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Infrastructure wireless network is the method where all wireless devices communicate using a central device, the access point such as a router. In ad-hoc networking, devices communicate directly with each other without the use of an access point. Wireless network set up at home is in infrastructure mode.
2.4 GHz and 5.8 GHz or 5 GHz are the most common wireless frequency band used in sync with IEEE 802.11 Wi-Fi standards. Wireless systems use radio frequencies which works in between 20 kHz and 200 GHz. Hertz (Hz) is the unit of frequency in the International System of Units (SI).
Some of the commonly used wireless standards include 802.11a, 802.11b, 802.11g, 802.11n, and 802.11ac, where each standard was released to improve on the existing ones. 802.11b was an extension of the base standard 802.11 which was released in 1999. 802.11ac is the latest generation of IEEE standards.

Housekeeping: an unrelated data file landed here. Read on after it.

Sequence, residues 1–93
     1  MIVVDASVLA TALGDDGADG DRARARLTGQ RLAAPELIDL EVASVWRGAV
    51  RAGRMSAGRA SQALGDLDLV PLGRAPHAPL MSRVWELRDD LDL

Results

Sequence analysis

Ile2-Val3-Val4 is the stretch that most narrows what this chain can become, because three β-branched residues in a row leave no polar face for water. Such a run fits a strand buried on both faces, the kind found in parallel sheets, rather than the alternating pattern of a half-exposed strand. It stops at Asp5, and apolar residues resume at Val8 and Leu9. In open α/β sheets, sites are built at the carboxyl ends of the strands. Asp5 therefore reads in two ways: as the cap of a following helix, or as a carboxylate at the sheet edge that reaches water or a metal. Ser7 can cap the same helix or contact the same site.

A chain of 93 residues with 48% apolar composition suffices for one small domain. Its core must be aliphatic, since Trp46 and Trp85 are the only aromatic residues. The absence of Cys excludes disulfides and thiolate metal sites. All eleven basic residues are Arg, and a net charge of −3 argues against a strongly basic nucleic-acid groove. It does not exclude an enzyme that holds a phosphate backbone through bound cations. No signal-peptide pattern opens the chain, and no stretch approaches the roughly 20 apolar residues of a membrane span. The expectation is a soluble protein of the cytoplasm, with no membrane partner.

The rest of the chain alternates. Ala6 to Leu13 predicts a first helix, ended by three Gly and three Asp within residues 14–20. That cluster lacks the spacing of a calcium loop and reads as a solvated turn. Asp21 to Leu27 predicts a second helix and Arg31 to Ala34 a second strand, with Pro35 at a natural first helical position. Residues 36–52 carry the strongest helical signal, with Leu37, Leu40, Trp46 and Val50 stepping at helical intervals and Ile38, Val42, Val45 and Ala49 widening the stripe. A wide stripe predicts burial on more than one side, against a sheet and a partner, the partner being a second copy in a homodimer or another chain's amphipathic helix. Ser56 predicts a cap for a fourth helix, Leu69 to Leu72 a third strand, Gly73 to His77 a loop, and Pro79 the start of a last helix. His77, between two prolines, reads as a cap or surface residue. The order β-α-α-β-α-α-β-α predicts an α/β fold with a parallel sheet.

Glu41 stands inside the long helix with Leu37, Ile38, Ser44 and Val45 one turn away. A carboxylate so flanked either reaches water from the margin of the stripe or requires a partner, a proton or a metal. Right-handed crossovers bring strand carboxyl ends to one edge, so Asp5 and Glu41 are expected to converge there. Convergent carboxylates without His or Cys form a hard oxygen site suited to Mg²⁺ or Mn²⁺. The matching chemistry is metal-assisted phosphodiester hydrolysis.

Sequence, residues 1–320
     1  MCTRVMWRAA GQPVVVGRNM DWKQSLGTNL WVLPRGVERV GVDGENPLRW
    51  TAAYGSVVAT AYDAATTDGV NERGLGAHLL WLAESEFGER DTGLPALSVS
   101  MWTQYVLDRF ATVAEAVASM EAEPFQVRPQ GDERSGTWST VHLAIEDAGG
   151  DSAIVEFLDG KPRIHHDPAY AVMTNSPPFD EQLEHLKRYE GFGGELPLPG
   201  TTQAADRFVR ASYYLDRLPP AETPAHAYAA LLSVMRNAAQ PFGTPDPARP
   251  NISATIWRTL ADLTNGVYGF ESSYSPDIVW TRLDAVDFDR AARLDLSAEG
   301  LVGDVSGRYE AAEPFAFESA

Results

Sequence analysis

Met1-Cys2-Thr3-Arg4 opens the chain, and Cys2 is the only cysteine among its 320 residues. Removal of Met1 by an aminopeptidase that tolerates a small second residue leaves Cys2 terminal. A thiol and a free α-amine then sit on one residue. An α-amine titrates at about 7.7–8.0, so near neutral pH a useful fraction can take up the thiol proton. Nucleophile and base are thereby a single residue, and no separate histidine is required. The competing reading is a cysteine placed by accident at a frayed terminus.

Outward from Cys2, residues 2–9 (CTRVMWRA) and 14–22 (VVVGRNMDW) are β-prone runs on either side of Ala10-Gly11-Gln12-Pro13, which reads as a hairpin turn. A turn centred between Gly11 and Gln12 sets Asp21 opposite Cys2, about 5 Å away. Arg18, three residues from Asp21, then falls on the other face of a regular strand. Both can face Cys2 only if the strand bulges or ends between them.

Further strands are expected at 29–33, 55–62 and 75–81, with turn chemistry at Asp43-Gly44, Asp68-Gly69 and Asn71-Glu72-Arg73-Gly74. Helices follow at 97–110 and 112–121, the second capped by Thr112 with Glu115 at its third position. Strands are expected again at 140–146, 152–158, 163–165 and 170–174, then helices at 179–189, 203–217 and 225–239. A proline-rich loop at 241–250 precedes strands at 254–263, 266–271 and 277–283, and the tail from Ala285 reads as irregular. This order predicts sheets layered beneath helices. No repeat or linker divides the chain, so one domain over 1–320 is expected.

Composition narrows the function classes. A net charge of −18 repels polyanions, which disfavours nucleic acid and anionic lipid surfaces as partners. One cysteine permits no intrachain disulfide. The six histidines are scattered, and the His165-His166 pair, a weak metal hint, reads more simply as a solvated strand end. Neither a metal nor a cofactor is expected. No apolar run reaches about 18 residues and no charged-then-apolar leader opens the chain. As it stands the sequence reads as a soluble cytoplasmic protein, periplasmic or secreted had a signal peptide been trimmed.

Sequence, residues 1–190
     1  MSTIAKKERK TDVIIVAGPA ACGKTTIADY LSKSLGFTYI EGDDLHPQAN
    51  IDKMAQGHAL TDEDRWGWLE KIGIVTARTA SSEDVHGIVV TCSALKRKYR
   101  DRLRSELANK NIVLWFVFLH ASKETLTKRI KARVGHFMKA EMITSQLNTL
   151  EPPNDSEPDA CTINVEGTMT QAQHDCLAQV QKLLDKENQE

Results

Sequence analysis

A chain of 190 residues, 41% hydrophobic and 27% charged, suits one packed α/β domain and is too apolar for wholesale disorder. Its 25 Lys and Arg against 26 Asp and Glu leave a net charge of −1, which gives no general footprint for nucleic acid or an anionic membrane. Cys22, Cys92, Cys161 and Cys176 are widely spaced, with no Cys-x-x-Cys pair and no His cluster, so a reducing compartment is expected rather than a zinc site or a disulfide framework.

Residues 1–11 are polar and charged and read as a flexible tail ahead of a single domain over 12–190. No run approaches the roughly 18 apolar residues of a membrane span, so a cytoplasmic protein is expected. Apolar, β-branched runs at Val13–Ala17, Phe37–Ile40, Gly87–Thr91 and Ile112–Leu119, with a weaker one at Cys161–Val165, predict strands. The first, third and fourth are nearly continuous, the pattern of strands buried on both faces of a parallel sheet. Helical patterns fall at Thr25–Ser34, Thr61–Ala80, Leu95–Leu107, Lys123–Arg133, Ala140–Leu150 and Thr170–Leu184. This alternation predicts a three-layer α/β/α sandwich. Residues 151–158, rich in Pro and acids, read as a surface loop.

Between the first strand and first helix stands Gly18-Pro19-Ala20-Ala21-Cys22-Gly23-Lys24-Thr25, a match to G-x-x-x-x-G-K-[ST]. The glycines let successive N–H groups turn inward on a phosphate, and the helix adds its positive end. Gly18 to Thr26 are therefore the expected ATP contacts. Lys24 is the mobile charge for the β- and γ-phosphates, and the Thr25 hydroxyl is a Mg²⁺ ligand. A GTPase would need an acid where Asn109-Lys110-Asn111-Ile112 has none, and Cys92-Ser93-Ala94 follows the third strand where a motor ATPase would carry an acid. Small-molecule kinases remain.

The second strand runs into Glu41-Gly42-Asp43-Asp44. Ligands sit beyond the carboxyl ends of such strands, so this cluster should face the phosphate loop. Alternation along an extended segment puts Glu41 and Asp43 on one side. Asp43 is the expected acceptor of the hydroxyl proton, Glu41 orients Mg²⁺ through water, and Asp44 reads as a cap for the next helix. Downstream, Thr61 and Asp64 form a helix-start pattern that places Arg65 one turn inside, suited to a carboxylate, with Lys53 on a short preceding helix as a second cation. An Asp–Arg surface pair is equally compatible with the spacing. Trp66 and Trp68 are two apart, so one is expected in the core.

802.11ac is an IEEE standard which was finalized at the end of 2013 but was formally approved on January 7, 2014. 802.11ac operated on 5 GHz frequency band. Its high frequency allows the radio waves to carry more data. There is no interference with 2.4 GHz frequency band used by household devices.
Wireless N Networking refers to computers networks that follow specifications in IEEE 802.11n standard. Development of 802.11n began in 2002 & was published in 2009. Alternate names such as "Wireless N" and "Draft N" were coined to distinguish early products whose development started before 2009.
Sometimes 802.11g is referred as "G". It is an IEEE wireless standard. 802.11g was an improvement on 802.11a and 802.11b and was released in June 2002. 802.11g supports WLAN (Wireless LAN) communication between host computers, routers, and other consumer devices.